Putin describes the war as a “special military operation” aimed at disarming Ukraine and rooting out dangerous nationalists who he says threaten Russia’s security. The Kyiv government and the West call this a baseless excuse for an aggressive land grab.

Thousands of people were killed – many of them civilians – and several million fled their homes to safer areas in Ukraine or abroad.

Artillery shells and Russian air strikes destroyed entire cities. With Western arms supplies boosted to the Ukrainians, Putin’s forces are making slow progress, but they are believed to be preparing for a new push in the east.

Ukraine said on Monday its forces had used US-supplied HIMARS missile systems to destroy 50 Russian munitions depots since receiving the weapons last month. Russia has not commented, but its Defense Ministry said its forces destroyed an ammunition depot for HIMARS systems. Read more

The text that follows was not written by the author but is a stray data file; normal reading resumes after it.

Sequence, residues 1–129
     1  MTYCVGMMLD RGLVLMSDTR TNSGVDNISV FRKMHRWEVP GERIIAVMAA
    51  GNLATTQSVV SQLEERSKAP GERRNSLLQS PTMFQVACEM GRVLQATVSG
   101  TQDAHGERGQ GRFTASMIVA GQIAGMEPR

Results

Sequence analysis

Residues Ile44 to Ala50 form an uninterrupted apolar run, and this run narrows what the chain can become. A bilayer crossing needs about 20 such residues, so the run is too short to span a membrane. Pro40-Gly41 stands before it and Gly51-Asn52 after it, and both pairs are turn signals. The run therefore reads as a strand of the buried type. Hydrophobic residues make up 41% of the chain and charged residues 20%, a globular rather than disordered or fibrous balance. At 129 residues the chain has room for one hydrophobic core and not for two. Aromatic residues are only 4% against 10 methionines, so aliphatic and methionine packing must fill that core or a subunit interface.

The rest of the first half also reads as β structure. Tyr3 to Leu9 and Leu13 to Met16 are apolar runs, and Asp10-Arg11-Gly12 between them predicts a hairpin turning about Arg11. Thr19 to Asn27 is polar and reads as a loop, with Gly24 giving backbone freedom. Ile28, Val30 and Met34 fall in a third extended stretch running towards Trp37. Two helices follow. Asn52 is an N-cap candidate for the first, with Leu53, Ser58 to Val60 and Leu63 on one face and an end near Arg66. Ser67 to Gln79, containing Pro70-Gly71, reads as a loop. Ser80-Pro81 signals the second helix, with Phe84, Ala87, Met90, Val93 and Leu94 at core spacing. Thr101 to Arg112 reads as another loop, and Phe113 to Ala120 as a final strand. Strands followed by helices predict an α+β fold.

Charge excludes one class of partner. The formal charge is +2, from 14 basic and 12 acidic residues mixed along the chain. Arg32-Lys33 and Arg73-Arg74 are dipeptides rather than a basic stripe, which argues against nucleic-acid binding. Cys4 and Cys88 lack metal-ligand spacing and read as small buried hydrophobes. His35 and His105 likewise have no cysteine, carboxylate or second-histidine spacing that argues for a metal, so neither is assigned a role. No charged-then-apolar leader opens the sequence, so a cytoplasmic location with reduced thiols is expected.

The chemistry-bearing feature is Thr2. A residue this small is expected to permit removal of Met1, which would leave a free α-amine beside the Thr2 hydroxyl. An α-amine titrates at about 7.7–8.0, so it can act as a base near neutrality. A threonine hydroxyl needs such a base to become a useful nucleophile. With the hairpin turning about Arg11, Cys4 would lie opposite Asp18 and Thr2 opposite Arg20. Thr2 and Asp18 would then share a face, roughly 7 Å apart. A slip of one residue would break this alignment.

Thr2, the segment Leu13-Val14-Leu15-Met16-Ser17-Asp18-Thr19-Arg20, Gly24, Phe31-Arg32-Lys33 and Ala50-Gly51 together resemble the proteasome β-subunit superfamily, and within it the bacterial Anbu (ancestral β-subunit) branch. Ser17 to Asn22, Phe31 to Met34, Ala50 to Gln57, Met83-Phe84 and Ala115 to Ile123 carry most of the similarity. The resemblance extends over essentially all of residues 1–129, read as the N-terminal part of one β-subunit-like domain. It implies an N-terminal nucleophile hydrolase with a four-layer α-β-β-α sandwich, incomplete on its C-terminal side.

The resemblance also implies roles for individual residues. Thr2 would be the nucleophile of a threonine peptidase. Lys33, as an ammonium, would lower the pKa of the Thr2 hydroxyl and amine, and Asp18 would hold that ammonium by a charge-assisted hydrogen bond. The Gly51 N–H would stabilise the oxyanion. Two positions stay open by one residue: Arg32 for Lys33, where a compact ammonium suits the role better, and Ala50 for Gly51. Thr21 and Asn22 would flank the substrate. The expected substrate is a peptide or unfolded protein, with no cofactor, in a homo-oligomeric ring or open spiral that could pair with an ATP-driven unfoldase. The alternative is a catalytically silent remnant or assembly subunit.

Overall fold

The Ukrainian General Staff said in its evening report on Monday that Russian warplanes bombed targets in Donetsk province, including near the Vohlijerska thermal power plant.

Reuters was not able to independently verify the Russian or Ukrainian statements.

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Reporting by Reuters offices. Writing by Philippa Fletcher and Angus McSwan; Editing by Gareth Jones, Barbara Lewis and Alison Williams

Our criteria: Thomson Reuters Trust Principles.